Clearly the overall system performance benefited from the de-noising by FOS and position errors was reduced after the pre-filtering process. Moreover, except for GPS outages 3 and 5, FOS provided better accuracies than wavelet. In fact, WDN was providing almost the same accuracy of the raw noisy signal for all GPS outages. The average percentage improvement (considering all 9 GPS outages) for the vehicle horizontal position was 24% when using FOS and almost no improvement when using wavelets. In fact the superior accuracy obtained with FOS de-noising is due to the ability of FOS to fit the frequencies with the highest energy first, which are mostly the motion dynamic terms, and then reject terms (the long term errors or insignificant motion dynamics) with its adaptive noise threshold. Such errors exist in the very low frequency part of the signal and mixed with motion dynamics, thus cannot be removed by wavelet de-nosing since it is basically a lowpass filtering and do not include the noise rejection threshold inherent in FOS.

The experimental work discussed in this section for tactical grade IMUs validates FOS as an inertial sensor accuracy enhancement technique that is applicable to a real INS integrated with a GPS and applicable to relatively long trajectories. Processing raw inertial measurements with FOS can contribute to improved accuracy enhancement in the position domain during GPS outages, and the position improvements are frequently better than wavelet de-noising. For tactical grade IMUs, the mean horizontal position error was reduced by 23% after applying FOS while wavelet de-nosing has only shown 10% enhancement. For MEMS-based IMU, FOS has shown 74% improvement while wavelet has only shown 55%. The main reason of the superior accuracy provided by FOS is its capability of removing the long-term inertial sensor errors prior to INS mechanization and KF-based integration with GPS.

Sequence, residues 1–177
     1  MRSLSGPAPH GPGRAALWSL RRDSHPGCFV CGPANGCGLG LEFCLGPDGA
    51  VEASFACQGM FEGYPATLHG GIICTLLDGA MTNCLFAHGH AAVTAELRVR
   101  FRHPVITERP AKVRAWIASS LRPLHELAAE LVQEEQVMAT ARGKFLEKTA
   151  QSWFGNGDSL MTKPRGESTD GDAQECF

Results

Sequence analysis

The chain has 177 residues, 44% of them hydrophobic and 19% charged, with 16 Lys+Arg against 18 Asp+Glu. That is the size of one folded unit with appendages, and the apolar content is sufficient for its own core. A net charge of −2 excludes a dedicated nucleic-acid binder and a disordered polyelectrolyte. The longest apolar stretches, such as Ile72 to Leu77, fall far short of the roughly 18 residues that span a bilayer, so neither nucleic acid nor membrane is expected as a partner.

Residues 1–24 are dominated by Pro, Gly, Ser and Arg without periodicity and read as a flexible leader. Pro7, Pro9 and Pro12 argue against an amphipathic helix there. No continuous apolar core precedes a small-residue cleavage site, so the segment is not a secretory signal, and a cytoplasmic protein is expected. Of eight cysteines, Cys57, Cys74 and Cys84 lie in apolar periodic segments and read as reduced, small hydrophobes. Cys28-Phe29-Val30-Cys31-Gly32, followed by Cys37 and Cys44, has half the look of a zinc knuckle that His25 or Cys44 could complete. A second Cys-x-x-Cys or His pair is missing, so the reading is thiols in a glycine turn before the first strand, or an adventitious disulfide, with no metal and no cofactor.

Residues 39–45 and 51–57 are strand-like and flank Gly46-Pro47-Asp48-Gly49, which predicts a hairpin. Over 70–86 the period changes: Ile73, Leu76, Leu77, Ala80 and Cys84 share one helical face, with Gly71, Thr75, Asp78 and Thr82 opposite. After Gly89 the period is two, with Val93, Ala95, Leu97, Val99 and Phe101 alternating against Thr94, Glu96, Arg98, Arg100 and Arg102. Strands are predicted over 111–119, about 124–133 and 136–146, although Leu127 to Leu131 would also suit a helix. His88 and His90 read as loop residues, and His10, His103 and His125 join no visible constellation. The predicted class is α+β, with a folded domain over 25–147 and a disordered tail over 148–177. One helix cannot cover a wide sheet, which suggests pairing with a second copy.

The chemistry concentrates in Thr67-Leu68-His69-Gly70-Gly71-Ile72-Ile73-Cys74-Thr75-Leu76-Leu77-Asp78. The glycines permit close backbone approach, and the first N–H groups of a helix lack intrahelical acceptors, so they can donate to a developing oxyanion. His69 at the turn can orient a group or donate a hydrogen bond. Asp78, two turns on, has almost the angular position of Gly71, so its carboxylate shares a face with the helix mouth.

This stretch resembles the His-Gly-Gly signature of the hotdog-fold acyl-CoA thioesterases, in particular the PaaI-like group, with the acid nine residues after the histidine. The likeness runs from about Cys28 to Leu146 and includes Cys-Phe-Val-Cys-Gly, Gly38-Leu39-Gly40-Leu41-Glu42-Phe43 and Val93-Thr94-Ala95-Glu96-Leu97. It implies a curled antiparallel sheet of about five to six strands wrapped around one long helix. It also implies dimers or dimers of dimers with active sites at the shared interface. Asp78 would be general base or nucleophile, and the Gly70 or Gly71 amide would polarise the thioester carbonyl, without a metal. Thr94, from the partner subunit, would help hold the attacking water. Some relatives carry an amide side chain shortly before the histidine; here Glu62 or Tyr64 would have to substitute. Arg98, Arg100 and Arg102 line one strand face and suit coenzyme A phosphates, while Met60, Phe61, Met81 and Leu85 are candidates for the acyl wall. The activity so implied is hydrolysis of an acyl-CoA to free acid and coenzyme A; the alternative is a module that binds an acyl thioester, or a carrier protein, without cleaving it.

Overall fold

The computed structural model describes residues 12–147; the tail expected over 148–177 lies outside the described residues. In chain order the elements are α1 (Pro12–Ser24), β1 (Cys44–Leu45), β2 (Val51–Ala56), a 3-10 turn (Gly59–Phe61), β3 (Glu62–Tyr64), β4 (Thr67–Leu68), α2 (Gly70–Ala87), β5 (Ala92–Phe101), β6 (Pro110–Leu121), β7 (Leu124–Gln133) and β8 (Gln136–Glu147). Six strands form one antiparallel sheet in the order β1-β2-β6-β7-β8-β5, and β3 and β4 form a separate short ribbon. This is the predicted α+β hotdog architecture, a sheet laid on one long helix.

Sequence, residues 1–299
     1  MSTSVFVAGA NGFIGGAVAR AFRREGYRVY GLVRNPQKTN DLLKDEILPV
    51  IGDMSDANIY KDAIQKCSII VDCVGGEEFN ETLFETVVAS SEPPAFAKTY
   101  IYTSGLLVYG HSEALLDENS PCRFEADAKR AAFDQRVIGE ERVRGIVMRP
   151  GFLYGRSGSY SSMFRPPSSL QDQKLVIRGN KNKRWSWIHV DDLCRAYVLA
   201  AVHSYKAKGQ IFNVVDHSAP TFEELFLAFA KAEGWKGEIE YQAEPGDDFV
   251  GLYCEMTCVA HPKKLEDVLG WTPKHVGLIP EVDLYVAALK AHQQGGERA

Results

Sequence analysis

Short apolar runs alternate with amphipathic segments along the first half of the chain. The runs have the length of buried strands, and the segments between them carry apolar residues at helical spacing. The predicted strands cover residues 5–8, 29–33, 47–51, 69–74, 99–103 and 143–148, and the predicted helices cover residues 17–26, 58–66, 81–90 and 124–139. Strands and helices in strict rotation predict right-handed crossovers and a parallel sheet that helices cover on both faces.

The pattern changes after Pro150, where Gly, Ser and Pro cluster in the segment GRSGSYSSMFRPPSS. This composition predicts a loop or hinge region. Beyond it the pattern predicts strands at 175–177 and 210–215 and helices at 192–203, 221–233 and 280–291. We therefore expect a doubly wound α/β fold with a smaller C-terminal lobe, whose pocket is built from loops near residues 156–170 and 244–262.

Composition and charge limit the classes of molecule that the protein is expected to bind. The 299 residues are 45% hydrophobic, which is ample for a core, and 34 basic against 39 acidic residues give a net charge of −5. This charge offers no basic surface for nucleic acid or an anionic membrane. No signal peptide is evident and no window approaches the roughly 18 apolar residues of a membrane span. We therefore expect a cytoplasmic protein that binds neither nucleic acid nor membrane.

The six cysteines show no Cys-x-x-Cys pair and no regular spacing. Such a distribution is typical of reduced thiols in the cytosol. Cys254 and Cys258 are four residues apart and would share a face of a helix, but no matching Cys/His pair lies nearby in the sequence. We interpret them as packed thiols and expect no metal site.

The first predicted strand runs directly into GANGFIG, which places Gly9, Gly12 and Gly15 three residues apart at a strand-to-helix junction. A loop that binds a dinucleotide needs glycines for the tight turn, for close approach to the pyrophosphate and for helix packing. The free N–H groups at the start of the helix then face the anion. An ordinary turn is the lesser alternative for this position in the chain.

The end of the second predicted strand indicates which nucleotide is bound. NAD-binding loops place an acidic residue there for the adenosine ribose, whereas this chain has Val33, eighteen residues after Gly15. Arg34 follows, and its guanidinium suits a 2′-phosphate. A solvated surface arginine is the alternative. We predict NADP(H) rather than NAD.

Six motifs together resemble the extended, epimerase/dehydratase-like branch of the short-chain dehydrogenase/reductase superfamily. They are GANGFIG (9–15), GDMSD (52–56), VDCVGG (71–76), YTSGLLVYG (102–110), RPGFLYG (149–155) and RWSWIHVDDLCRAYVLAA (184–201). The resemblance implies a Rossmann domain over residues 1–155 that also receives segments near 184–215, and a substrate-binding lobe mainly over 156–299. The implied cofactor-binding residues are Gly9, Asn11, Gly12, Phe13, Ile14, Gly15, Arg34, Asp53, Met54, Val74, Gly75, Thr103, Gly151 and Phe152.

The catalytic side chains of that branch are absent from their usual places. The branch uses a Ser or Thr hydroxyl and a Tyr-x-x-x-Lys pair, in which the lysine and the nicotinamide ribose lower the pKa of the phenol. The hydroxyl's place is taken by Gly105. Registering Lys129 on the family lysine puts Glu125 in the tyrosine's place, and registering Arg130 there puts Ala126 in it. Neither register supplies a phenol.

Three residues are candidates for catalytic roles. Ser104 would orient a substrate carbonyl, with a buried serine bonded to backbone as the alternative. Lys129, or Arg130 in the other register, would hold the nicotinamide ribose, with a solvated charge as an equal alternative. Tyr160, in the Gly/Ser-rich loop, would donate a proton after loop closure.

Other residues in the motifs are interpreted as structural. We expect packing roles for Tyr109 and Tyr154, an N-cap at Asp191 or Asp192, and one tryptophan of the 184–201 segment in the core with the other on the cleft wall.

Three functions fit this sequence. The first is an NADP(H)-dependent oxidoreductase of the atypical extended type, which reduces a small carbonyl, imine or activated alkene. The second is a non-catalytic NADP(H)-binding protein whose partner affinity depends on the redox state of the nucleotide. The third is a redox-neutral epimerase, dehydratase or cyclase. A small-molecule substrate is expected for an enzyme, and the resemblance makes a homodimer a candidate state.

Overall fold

This research was supported in part by the Natural Science and Engineering Research Council of Canada (NSERC) and Geomatics for Informed Decision (GEOIDE) Network of Centre of Excellence (NCE). The financial support of UKM-DLP-2011-002 in Malaysia and DND in Canada are highly appreciated.

^{γ}) noise in inertial sensors

Block diagram of FOS-based inertial sensor accuracy enhancement technique (bullets denote operating parameters).

Accuracy enhanced gyroscope signals. (

Accuracy enhanced accelerometer signals. (

Trajectory plots.

Experimental setup including inertial systems, GPS and data acquisition modules mounted inside land vehicle.

The first road test trajectory (for the TG6000 IMU) with the location of some intentionally introduced GPS outages indicated.

PSD plots for TG6000 inertial sensors before and after applying both FOS and WDN.